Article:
• pain and swelling in the fingers and toes, with a sausage-like appearance ( dactylitis ).
  • Lumbar pain with the inflammatory character or buttock pain is related to the formation of inflammation of the joints between the vertebrae ( spondylitis ) and of the sacroiliac joints ( sacroiliitis ).
  • Both psoriasis and what is psoriatic arthritis are chronic diseases in which periods in which symptoms worsen (flare) alternate with periods in which the condition is in remission.
  • Psoriatic arthritis can also affect other organs in the body, such as the eyes, heart, lungs, and kidneys.

Humanitas has a great interest in psoriatic arthritis and prepares courses dedicated to the disease alongside laboratory research studies to discover its cause. Furthermore, Humanitas participates in clinical trials for new and modern drugs for the treatment of the disease and in the international group for the study and treatment of psoriatic disease.

What is psoriatic arthritis: Classification

Forms of Psoriatic Arthropathy

Based on the joints involved, five different types of psoriatic arthritis can be distinguished:

  • Asymmetric oligoarthritis: affects about 70% of patients; typically, it is mild and involves fewer than three large and small joints.
  • Rheumatoid-like arthritis (symmetrical polyarthritis): represents about 25% of cases and is disabling in about 50% of cases; it affects the joints of the body in a balanced way, with inflammation that simulates rheumatoid arthritis.
  • Mutilating arthritis: it is aggressive and deforming arthritis, characterized by osteolysis (destruction of bone structures). This rare condition can progress over the course of months or years, causing severe damage to the joints.
  •  But can also affect the hands and feet, similar to symmetrical arthritis.

Diagnosis

Psoriatic arthritis: how is it diagnosed?

Diagnosis is made primarily on a clinical basis, but prior exclusion of other similar conditions is desirable. A rheumatologist can accurately define the patient’s clinical picture using medical history, physical exams, blood tests, and imaging techniques ( magnetic resonance and x-rays ), including gout, osteoarthritis, and rheumatoid arthritis. In patients with what is psoriatic arthritis, blood tests may reveal mild anemia (decreased hemoglobin and red blood cells ).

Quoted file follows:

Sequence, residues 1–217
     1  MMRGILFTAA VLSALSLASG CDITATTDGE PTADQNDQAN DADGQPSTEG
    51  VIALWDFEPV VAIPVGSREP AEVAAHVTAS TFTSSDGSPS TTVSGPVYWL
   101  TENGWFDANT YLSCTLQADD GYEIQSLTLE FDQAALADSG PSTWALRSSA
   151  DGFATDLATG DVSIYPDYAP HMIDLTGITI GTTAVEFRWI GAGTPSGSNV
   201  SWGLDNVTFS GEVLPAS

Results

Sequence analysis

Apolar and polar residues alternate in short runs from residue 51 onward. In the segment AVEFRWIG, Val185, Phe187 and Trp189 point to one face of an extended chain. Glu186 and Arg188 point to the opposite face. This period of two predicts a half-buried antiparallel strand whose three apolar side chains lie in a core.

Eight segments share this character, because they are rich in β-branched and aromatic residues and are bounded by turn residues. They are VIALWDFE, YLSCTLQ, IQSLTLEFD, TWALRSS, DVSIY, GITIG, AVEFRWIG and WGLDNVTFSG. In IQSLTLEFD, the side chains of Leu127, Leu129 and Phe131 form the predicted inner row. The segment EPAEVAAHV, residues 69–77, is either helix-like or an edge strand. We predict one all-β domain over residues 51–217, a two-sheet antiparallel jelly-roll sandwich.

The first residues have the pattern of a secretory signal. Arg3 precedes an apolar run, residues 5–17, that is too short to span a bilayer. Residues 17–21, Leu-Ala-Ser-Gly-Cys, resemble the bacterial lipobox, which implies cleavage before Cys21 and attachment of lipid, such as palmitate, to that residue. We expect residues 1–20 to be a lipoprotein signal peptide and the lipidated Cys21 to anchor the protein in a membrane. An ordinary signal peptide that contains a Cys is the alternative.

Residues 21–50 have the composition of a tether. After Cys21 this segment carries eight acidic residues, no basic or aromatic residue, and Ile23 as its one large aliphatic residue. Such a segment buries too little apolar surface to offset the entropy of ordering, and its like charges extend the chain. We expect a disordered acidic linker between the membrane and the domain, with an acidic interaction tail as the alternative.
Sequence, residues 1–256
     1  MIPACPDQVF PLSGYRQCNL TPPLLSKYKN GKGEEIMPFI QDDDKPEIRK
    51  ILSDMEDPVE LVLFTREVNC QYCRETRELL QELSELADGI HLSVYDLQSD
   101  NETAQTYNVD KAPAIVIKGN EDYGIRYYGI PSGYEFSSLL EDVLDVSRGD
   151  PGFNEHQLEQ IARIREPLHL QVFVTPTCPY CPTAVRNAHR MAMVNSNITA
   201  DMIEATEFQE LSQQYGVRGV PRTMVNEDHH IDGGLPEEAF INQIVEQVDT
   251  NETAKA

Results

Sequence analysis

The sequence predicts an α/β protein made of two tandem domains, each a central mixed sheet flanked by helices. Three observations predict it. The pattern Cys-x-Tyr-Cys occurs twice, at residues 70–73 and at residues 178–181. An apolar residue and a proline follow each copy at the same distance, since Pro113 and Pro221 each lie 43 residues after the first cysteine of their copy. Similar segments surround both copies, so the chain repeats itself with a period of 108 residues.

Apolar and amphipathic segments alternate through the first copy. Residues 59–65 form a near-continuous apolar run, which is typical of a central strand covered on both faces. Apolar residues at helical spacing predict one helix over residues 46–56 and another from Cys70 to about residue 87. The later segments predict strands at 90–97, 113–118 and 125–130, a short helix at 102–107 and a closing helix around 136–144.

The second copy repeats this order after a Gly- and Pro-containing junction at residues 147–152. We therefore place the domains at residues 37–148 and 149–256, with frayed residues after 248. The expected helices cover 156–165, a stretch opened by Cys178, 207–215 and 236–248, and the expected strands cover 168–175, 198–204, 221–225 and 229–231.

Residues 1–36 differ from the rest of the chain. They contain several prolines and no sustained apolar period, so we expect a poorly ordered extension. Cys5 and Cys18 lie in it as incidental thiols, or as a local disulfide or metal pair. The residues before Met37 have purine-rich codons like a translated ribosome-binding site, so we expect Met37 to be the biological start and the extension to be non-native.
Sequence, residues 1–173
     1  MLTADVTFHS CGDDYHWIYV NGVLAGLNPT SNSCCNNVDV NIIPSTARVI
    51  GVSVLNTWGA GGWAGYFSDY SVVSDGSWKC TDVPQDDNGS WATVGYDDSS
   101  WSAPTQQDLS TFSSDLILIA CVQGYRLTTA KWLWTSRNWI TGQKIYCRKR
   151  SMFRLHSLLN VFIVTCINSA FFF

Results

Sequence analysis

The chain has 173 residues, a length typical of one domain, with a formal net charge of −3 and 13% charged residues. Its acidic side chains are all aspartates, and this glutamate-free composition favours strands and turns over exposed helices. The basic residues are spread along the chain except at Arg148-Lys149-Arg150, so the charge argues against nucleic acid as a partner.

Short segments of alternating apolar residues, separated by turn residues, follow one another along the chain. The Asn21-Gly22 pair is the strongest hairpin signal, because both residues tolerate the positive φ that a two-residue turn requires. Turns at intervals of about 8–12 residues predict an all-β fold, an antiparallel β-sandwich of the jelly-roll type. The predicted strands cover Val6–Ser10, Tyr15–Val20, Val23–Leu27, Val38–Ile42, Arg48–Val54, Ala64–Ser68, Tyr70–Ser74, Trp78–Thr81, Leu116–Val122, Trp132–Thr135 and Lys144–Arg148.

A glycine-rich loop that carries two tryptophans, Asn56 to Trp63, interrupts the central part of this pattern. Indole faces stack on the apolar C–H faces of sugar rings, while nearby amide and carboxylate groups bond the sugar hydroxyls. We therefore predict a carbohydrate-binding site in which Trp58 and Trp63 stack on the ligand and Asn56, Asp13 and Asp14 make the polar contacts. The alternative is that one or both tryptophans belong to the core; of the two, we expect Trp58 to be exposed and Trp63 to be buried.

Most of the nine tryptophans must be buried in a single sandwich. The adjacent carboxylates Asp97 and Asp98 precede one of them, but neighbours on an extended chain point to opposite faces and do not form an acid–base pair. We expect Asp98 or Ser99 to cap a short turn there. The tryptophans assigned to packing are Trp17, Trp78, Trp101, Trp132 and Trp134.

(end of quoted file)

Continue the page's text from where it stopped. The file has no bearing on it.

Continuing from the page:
Factors that help confirm the diagnosis of psoriatic arthritis include:

  • Overt psoriasis (often, the skin disease precedes psoriatic arthritis).
  • Positive family history of psoriasis or what is psoriatic arthritis (especially if the patient has a close family member with one of the conditions).
  • A positive result for high sedimentation rate (indicates the presence of an inflammatory process) and C reactive protein (highlights the presence of acute inflammation ).
  • Involvement of the distal interphalangeal joints (NOT characteristic of rheumatoid arthritis).
  • Typical skin and nail changes characteristic of psoriasis and psoriatic arthritis (psoriatic onychopathy).

Some characteristic manifestations allow us to distinguish psoriatic arthritis from other arthropathies; these hallmarks include dactylitis (the so-called “sausage finger” ) and enthesitis—inflammation of the bony insertion site of tendons and ligaments. The latter condition occurs most frequently in the Achilles tendon (in the back of the heel) or in the plantar fascia (in the lower part of the feet).

MRI and ultrasound of symptomatic joints can be helpful in detecting in detail signs of inflammation in different joint structures. The X-rays conventional are not generally useful for diagnosis in the early stages of the disease. But showed characteristic changes after months or years after the onset of symptoms.

Treatment

Psoriatic arthritis treatment helps relieve pain, reduce swelling, protect joint function, maintain mobility, and prevent further damage. Medical therapy depends on the type of psoriatic arthritis in progress, its severity, and reaction to treatment.

But there is a tendency to use disease-modifying antirheumatic drugs (DMARDs) or biological response modifiers (MRDs), which are useful for preventing irreversible joint degeneration. Reasonable psoriasis control can be helpful in the treatment of what is psoriatic arthritis.